As the rate of evictions in this rapidly gentrifying city reaches a fever pitch, people here have banded together to demand that the Durham Housing Authority stop displacing residents over the winter season and recognize housing as a human right.
According to Legal Aid of North Carolina, DHA’s attempted evictions in 2019 affected a full 40 percent of its residents. The year’s eviction rate wildly outpaced several major neighboring cities, such as Greensboro (5 percent), Raleigh (1.7 percent) and Charlotte (1.2 percent).
The Emergency Committee to Stop DHA Evictions — a broad, diverse coalition of residents and activists — announced the launch of a new campaign on Dec. 20 outside the Housing Authority. The committee presented a petition supporting its demands, including a moratorium on evictions through March 31. Similar moratoriums have been initiated in Richmond, Va., and Oakland, Calif.
“What has happened is that we have been bamboozled; we have been hoodwinked into a situation because of our needs. We are Black people, Hispanic people and poor whites who need housing,” said Rafiq Zaidi, a resident of Durham public housing.
On Nov. 5, city residents voted overwhelmingly for a $95 million public bond to support affordable housing. Most of that funding will go to DHA, an agency that working-class residents have little trust in and see as ill-suited to handle its responsibilities toward the people.
DHA director Anthony Scott, present at the press conference, claimed his agency was being subjected to mistargeted ire. According to Indy Week, he said, “There’s no need for a moratorium, because if a resident talks with us [about making pay arrangements], no eviction is filed.” Scott also claimed the number of evictions had decreased, since analysis by Legal Aid found the agency had filed 540 eviction cases in the first six months of 2019.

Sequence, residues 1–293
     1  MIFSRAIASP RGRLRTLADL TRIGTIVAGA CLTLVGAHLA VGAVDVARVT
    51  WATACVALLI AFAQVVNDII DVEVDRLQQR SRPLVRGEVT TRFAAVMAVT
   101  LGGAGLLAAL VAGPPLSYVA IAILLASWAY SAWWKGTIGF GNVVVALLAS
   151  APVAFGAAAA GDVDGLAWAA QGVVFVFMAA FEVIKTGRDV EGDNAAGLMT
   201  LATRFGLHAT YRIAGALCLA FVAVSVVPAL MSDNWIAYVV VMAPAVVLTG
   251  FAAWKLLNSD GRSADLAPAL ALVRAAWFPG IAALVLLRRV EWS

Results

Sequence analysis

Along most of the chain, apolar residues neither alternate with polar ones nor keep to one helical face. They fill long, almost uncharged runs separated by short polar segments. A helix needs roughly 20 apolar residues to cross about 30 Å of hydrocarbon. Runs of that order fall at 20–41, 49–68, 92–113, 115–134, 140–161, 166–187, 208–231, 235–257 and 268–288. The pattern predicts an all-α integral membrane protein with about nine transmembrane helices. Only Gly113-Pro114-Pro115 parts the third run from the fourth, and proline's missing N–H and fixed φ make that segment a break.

Scott’s assertion made no sense, countered Durham Workers Assembly organizer Dante Strobino: “People are still being evicted. How can you have a de facto moratorium if people are still being evicted?”
Activist Loan Tran quoted the petition: “Historical trends indicate that the number of evictions increase over the holidays, which puts families and vulnerable individuals in even more precarity.”
In fact, while the number of evictions has gone down since a midsummer high, evictions again began to increase in October and November — at double the rate during the same period in 2018.
The campaign comes at a time when the city of Durham is undergoing massive shifts in racial demographics and wealth concentration, as longtime, less wealthy residents are being pushed out by newer, comparatively monied, and often white, new arrivals.
According to research by The Herald-Sun, “Since 2010, six [Durham] census tracts have seen their median household income levels rise by more than 40 percent. The county’s median household income increased 8.4 percent over the same period. The same is true of median house value, where five census tracts saw median house value rise by more than 25 percent from 2010-2016.” (April 24, 2018)
The $95 million housing bond is supposed to be used in part to redevelop five much-needed community housing projects in Durham.
Black Youth Project 100, Durham chapter Co-Chair AJ Williams said that DHA needed to show it is capable of meeting community needs in return for that large investment: “We demand that not a dime of the housing bond be released to DHA until it stops its out-of-control eviction filings.”
The coalition’s petition gathered over 1,000 signatures in a few days, with support from over 20 organizations, including the Durham City Workers Union (UE 150), Durham Workers Assembly, NC Raise Up for $15, National Domestic Workers – We Dream in Black, Black Youth Project 100 Durham, NC State AFL-CIO, Durham Association of Educators, the Human Relations Commission, Carolina Jews for Justice and others.
The Emergency Committee to Stop DHA Evictions’ petition, as well as more resources on Durham’s eviction crisis, can be found at stopevictions.network.